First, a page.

If you find that the 250-odd kilometres of trails aren't enough, there is a further option. The six-day lift passes are valid for two days at the nearby resort of Les Deux Alpes, to which there is a shuttle bus. I have a bit of a thing against Les Deux Alpes as I have found it bleak, with too many coach parties and aggressive snowboarders. But if you are not staying there, in the horrid 1960s blocks, or are a snowboarder, then it's worth test-driving it too.
Downsides? Really not a lot. Alpe d'Huez is not beautiful, but it is not in-your-face ugly like some French purpose-built resorts. It can get busy and noisy. We had to go at Easter last year, so it was full, but we could still get into restaurants for dinner if we booked at teatime. (There is a good supermarket beside the ice rink if you want to cut costs by eating in.)
I liked the fact that Alpe d'Huez felt like a real town, with a sense of civic pride and people who were really rather gracious given that it was towards the end of a long season. We all agreed that we would happily go back, which is about the best recommendation I can give.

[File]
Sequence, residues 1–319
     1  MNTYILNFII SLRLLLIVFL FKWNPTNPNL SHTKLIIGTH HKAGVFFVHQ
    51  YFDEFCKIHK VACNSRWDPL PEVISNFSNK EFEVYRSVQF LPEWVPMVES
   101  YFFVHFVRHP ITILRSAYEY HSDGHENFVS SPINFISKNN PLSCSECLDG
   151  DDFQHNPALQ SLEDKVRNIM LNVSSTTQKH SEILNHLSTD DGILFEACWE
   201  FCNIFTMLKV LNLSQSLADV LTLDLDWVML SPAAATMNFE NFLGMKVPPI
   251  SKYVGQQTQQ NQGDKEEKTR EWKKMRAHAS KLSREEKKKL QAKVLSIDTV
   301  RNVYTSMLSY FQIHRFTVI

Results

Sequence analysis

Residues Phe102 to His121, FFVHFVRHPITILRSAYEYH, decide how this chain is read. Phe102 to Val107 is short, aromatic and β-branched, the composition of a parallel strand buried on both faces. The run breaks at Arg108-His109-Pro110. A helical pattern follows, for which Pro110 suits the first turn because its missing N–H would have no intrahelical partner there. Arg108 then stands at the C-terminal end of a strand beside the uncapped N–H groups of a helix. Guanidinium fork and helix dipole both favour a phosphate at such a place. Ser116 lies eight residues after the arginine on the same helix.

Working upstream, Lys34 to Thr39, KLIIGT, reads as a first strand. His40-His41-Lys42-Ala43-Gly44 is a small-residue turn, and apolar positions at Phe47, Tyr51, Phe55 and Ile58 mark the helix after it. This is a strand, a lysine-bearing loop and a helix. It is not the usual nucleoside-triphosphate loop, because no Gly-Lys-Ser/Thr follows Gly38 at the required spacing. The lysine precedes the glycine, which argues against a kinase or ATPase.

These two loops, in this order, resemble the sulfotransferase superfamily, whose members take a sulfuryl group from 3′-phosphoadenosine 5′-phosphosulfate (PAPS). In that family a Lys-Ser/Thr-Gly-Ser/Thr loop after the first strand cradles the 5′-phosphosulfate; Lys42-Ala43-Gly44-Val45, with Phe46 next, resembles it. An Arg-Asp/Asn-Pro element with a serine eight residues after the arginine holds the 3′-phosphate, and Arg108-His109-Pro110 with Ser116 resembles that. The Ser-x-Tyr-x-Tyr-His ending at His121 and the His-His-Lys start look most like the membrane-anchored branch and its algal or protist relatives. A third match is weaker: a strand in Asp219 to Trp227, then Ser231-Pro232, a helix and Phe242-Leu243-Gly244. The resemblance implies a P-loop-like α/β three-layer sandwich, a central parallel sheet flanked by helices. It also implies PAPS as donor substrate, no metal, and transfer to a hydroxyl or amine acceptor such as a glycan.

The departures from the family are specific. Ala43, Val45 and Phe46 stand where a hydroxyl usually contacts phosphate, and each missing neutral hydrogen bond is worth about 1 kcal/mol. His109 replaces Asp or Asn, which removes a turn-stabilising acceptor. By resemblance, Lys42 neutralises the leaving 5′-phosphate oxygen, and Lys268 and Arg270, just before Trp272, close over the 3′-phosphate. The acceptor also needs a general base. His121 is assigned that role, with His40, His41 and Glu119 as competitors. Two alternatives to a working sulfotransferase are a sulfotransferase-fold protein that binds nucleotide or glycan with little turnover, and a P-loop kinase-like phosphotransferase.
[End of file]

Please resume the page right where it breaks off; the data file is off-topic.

Eurostar (08705 186 186; www.eurostar.com) goes from London St Pancras to Paris, where you can get the TGV to Grenoble, around 60km from Alpe d'Huez.
By air, Grenoble is served by Ryanair (0871 246 0000; www.ryanair.com) from Stansted. Lyon is served by British Airways (0844 493 0787; www.ba.com) from Heathrow; easyJet (0905 821 0905; www.easyJet. com) from Gatwick and Stansted; BMI (0870 60 70 555; www.flybmi.com) from Manchester; and Brit Air for Air France (0870 142 4343; www.airfrance.co.uk) from Birmingham. Buses connect Grenoble with the resort.
Packages to Alpe d'Huez are offered by Crystal Ski (0871 231 5659; www.crystalski.co.uk); Club Med (0871 424 4044; www.clubmed.co.uk); and Inghams (020-8780 4433; www.inghams.co.uk).